Mark Gresham | 12 MAR 2020
With concern over spread of the COVID-19 coronavirus growing rapidly, video streaming of concerts has found yet another important reason for its contributions to the performing arts culture at large in addition to providing access to those who do not have easy access to some venues due to limited transportation options. Kennesaw State University has been somewhat unique in their consistency of providing, over the internet, live video streams of concerts at Morgan Hall, located in KSU’s Bailey Performance Center. The most recent one we’ve heard, performed on Monday evening, was a recital by violinist Helen Hwaya Kim and pianist Robert Henry. EarRelevant took advantage of that video streaming for purposes of this review.
The mics seemed a little too hot, and not fully isolated from floor noise – footsteps sounded like banging on a metal storage drum – but the performance came across well despite having to accept some boomy sound in the process.
Kim started the program alone with the substantial “Passacaglia” from the Mystery Sonatas by Heinrich Biber, a 17th century Bihemian-Austrian composer and violinist. It is one of the earliest known works for solo violin. While Biber may not be a household name to many listeners, his music, especially the Mystery Sonatas, enjoyed a revival In the late 20th century. Kim’s straight-toned playing attractively reflected the general performance practices of the work’s early Baroque origin.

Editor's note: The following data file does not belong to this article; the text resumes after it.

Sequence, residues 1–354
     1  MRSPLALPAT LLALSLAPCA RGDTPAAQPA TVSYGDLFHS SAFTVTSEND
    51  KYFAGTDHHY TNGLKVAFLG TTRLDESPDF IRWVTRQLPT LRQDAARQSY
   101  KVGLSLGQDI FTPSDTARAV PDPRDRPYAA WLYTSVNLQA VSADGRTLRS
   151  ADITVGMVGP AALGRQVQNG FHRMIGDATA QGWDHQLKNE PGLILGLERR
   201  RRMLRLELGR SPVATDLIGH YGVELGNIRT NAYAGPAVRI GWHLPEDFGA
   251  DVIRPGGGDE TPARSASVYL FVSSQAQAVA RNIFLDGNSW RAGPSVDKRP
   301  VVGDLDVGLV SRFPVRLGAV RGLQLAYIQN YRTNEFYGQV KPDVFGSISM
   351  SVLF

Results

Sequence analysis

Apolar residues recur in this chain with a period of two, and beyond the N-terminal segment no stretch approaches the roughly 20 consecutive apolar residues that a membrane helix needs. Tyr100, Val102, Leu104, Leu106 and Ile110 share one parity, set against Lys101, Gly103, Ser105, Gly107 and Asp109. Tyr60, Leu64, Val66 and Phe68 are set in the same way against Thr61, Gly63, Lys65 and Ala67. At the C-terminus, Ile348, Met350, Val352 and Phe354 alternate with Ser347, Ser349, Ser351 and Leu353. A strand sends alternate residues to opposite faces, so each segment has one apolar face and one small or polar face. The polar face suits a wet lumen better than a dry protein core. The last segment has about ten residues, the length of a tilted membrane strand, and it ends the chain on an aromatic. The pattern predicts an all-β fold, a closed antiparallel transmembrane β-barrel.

Heny joined Kim onstage for works by two women composers, Three romances, Op. 22, by Clara Schumann, and the Deux Morceaux by Lili Boulanger. Then they concluded the first half with Fratres (“Brothers”) by Estonian composer Arvo Pärt – a work that seems to be getting relatively frequent local performances recently in various transcriptions.
After intermission, Kim and Henry tackled the biggest work on the program and one of the most significant pieces in violin and piano repertoire: César Franck’s Sonata in A major. Franck’s sole violin sonata, the piece is a “cyclic” work in that all movements share common thematic materials that are transformed over its duration.
Interesting that the final piece played was an arrangement of George Gershwin: “It Ain’t Necessarily So” from Porgy and Bess. The Atlanta Opera is currently midway through its production of Porgy and Bess, and Kim is the assistant concertmaster of the orchestra. It served as a nice insider’s nod to the opera company and Kim’s opera orchestra colleagues. ■